Programming commands overview.

So, you're a programmer now huh? Well, there's some new commands for you to learn in order to make use of your powers. I'll run through the common (and most useful) ones here.

Information Commands

These commands are used for gathering information only about various aspects of building a MOO.

@display is incredibly useful. It has 3 main ways of being used:
@display <object>
This will give the basic information about the object - such as its name, object number, parent, and current location.
@display <object>.
Note well the period after the object! This will display all the properties defined on the object, and if possible their value.
@display <object>:
Note well the colon after the object this time! This will display all the verbs defined on the object, and their argument specifiers.

Another incredibly useful command, @list is used for listing the code of a particualr verb. Syntax wise it's:
@list <object>:<verb name>
Eg: @list $player:tell

This command will give a list of all the objects that you, or another player, owns. To audit yourself, just use @audit To audit someone else, for example me, @audit mort

Usage: @kids <object> and @parent <object>
@kids will give a list of all the children of any given object. Doing this on things like the generic exit and generic room are generally not a good idea unless you like spam. @parent is the opposite and will tell you the heirarchy of inheritance for the given object.

@classes generics/utilities
A not often used, but still useful command. It gives a display of all the generic objects, or utility objects that have been defined in the database. If it looks a bit slim, bug your Archwizard to update it.

Modification Commands

This is the command to create new objects. To use it:
@create <parent object> named <name of new object>
This will create a child of the given parent object, and set it's name to the one given. Don't use it to build rooms, there's an easier way to do that - look at 'help @dig' in your MOO. But you probably already knew that :)

@recycle <object> is the opposite of @create. It will recycle the object for reuse with @create. Don't use the builtin function recycle() ever as it will permanently remove the object number from the pool available!
(gc)The command will ask if you really really want to destroy the object, as there's no possible way to get back the information on it short of rebooting from an old database before you recycled it.

Ooops! You @created a generic thing, when you really wanted a container. You've already described it and put some code on it, so don't want to @recycle it and start over. Here's the way to avoid redoing everything on the object that you've already done.
@chparent <object> to <new parent object>
This will change the parent to the new one, unless there are properties defined on the object that conflict with ones already on the new parent.

@set is used to set property values. (Personally I use eval as it's much quicker to type, but @set is there to be used too) To do it,
@set <object>.<property> to <value>
If you want to set the value as a string, you need to put it in quotes, or it won't interpret what you want properly.

This will invoke an editor, similar to the note editor in which you write descriptions, to program a verb. You have to first create the verb with @verb (described below), and then the syntax to use is:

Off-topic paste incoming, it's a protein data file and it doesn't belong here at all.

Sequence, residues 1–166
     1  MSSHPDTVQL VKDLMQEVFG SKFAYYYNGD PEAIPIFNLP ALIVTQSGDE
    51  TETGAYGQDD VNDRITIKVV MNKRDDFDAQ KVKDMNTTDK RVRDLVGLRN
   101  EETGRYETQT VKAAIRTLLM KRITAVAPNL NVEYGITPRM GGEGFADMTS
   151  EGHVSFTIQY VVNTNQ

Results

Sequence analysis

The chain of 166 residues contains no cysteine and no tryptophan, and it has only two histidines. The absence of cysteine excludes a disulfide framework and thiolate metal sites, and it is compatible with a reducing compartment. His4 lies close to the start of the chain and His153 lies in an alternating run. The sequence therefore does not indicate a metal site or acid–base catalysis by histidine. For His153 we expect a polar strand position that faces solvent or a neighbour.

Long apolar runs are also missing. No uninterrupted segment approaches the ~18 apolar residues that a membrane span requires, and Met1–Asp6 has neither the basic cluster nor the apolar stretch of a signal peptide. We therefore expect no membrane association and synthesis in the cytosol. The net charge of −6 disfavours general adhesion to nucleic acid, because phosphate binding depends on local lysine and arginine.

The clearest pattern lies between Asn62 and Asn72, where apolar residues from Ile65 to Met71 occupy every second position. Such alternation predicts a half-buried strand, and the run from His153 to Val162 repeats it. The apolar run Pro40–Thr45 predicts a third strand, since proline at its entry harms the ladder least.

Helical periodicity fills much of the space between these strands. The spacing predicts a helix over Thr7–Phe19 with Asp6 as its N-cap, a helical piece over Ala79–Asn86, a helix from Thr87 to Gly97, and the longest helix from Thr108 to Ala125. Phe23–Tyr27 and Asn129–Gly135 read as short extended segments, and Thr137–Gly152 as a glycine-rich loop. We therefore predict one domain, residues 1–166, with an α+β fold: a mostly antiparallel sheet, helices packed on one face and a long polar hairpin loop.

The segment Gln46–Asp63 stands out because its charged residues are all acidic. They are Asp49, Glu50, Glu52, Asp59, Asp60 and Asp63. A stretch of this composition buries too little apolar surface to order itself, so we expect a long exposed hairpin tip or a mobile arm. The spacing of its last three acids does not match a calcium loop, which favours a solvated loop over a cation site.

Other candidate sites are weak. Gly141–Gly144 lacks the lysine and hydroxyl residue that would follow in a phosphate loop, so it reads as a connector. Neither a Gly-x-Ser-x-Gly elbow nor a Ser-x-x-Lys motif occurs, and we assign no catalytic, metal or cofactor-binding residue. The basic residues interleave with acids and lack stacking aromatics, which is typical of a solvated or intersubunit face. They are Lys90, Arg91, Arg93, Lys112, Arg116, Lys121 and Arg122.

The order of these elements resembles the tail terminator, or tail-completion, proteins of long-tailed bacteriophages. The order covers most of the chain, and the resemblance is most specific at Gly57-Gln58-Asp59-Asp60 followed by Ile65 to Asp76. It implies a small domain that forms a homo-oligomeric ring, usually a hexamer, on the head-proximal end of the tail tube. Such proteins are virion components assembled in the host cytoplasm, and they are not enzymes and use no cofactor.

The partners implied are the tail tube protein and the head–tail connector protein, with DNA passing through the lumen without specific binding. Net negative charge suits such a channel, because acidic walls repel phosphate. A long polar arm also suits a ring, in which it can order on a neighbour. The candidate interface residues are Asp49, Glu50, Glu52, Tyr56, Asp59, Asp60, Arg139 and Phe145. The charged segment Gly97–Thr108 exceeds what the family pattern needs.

@edit <object>:<verb name>
Once in it, all the commands for the note editor will work as you'd expect apart from 'save'. In order to save your code, you need to compile it with the command of the same name.

These commands are to add and remove respectively properties from an object.
To add a property, @prop <object>.<property name> [value]. The value is not necessary, and will default to 0, but it's easier to give it now than to set it later with @set or an eval...
To remove it again, @rmprop <object>.<property name> and it will be gone.

@verb/@rmverb As @prop/@rmprop is for properties, @verb and @rmverb are for verbs.
@prop <object>:<verb name> [argument specifiers] [permissions]
This will add a verb with the given argument specifiers (as described above). If none are given, it will default to 'none' 'none' 'none'. We haven't looked at verb permissions yet, but it's safe to put 'rxd' for anything that isn't a command, and 'rd' for anything that is. This will default as well, to 'rxd' in this case.

This command can be used to change the arguments or permissions for a verb.
Usage: @args <object>:<verb name> <argument specifiers>
and: @chmod <object>:<verb name> <permissions>
If this business of permissions isn't very clear, don't worry, you'll almost never need to use it beyond switching between 'rxd' and 'rd'. For more information about them, see the Programmer's Manual.


Eval. It deserves its own section its so useful. It allows you to execute code, without having to write it into a program in the editor and compile it. It's exceptionally useful for doing small things like setting property values, running over all of the objects in your inventory and moving them somewhere... quick tasks that don't deserve a properly coded command of their own.
To evaluate a line of code:
eval <code>

There is a shortcut for eval, such as " for say and : for emote. In LambdaCore it's ';'. In GondolinCore ';' is mapped to pose as per MUSH, and '|' is used for eval.
;<code> or |<code>

(gc) @options

There are currently three programmer options that can be set in GondolinCores.

Last modified: Fri Sep 17 14:26:31 GMT 1999